With most of its residents living in storm-imposed exile across the country, hundreds of polling places destroyed and a scarcity of election workers, New Orleans is an election planner's nightmare.
But in three months, the ghostly city is scheduled to elect a mayor, sheriff and the entire City Council.
State and local election officials say a massive vote-by-mail program could effectively provide access for all voters, regardless of location, but the hurdles are daunting:
* The Federal Emergency Management Agency has agreed to mail election-information packets on behalf of the state of Louisiana to people who have evacuated New Orleans. But FEMA refuses to pay for election public service announcements in areas with high concentrations of city evacuees.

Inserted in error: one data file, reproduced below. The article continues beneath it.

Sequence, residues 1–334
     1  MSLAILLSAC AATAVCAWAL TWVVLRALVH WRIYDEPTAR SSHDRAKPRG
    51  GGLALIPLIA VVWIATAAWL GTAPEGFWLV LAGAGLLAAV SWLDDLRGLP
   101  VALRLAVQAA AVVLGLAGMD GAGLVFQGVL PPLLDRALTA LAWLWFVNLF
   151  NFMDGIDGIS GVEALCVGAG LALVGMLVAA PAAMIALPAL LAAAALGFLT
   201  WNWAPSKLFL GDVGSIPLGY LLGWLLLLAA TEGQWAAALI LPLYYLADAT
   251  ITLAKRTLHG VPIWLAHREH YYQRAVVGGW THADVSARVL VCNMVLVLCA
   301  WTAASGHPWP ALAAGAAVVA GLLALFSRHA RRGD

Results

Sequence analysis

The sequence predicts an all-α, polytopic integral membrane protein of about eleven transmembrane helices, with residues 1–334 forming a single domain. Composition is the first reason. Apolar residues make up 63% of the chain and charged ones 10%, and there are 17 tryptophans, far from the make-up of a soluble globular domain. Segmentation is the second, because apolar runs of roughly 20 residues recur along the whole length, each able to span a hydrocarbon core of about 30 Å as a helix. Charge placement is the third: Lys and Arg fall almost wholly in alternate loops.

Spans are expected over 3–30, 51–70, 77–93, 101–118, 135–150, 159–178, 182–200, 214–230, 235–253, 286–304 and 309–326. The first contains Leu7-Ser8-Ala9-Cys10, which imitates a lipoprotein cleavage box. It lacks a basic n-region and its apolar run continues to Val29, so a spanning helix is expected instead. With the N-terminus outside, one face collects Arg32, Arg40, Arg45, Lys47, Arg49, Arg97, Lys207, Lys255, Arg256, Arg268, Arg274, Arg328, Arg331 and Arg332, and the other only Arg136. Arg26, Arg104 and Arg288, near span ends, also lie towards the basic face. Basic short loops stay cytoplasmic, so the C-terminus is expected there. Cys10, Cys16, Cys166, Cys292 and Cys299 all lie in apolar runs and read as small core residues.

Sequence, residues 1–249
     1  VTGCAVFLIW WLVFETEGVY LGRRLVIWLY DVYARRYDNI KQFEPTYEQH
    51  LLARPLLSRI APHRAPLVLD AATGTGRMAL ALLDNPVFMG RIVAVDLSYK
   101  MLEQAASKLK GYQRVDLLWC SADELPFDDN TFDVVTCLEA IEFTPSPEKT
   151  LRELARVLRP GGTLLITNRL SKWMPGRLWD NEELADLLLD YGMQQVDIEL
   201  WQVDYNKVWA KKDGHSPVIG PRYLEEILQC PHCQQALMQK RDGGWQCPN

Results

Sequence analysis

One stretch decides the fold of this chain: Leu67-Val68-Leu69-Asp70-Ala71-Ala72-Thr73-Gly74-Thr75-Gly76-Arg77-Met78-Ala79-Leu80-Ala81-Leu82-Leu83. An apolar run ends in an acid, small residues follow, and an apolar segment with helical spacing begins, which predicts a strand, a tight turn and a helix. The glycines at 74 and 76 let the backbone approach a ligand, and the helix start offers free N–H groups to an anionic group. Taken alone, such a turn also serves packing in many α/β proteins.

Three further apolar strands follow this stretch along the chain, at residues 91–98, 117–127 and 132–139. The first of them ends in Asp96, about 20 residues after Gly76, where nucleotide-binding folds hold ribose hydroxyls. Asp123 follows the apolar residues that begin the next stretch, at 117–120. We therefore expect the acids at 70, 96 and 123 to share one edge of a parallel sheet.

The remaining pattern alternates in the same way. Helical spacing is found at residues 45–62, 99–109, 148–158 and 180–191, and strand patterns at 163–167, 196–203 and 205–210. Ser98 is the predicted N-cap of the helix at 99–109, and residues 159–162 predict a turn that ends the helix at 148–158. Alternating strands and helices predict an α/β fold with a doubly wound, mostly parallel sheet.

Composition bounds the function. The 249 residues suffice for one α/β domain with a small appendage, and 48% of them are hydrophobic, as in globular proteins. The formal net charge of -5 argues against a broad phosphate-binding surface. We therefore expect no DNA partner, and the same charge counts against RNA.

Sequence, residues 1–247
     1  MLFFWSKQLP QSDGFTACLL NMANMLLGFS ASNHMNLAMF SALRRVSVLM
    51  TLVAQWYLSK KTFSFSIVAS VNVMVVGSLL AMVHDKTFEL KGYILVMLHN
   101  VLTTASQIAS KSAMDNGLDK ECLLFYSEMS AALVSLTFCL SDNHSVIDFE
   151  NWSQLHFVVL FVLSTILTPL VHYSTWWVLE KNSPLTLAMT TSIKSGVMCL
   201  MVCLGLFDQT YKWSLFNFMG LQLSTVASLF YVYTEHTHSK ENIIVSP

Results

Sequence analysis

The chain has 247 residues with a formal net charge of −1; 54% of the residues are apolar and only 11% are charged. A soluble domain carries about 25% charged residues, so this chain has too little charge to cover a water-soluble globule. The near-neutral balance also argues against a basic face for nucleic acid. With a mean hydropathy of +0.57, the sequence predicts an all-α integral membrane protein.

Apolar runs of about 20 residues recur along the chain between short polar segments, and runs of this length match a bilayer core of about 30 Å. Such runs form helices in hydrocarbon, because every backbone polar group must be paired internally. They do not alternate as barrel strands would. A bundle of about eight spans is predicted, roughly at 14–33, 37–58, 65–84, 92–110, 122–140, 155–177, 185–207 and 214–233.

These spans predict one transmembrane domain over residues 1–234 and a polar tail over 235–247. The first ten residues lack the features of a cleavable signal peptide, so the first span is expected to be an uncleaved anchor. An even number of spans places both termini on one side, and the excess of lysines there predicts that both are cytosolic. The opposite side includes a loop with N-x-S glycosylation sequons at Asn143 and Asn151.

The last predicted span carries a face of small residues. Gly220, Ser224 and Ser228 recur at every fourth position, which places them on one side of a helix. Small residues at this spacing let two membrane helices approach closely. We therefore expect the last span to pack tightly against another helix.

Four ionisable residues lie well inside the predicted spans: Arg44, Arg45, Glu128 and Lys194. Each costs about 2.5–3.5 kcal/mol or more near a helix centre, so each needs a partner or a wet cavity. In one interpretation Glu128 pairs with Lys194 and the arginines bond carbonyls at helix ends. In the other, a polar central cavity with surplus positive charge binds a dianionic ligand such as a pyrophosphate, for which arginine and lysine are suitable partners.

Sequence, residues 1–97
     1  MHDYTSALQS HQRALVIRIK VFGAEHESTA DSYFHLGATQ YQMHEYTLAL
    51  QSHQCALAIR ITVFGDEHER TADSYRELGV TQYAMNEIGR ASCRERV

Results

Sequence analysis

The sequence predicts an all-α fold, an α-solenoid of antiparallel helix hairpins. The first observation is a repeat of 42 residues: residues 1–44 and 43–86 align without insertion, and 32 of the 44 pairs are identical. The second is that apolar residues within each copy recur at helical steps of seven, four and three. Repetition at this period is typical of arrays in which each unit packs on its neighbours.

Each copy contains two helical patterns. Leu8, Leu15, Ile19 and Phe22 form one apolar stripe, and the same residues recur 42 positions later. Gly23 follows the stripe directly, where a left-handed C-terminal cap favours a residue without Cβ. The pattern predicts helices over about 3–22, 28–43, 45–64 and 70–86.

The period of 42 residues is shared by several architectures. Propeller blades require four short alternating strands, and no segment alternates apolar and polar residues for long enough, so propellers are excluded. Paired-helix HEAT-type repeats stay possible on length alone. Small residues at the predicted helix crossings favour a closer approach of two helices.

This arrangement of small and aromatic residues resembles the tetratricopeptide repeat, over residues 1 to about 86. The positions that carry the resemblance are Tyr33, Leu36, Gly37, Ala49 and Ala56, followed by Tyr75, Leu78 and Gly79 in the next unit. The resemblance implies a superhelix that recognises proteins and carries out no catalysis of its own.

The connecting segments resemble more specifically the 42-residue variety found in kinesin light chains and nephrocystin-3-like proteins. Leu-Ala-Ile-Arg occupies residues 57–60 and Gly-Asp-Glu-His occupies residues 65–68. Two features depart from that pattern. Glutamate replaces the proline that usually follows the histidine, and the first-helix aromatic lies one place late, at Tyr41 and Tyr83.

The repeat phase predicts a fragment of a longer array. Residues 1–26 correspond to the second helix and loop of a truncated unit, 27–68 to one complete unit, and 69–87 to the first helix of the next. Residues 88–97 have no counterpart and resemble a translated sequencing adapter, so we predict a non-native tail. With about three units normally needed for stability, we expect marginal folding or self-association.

* Current law requires 2,700 election commissioners to staff the polls, but they're scattered.
* Finding polling places to replace those destroyed by flooding will be difficult in a city where electricity and water service is still spotty. Louisiana Gov. Kathleen Blanco will decide whether to hold the election as scheduled, based on recommendations from Secretary of State Al Ater. But New Orleans election chief Kimberly Williamson Butler opposes a postponement...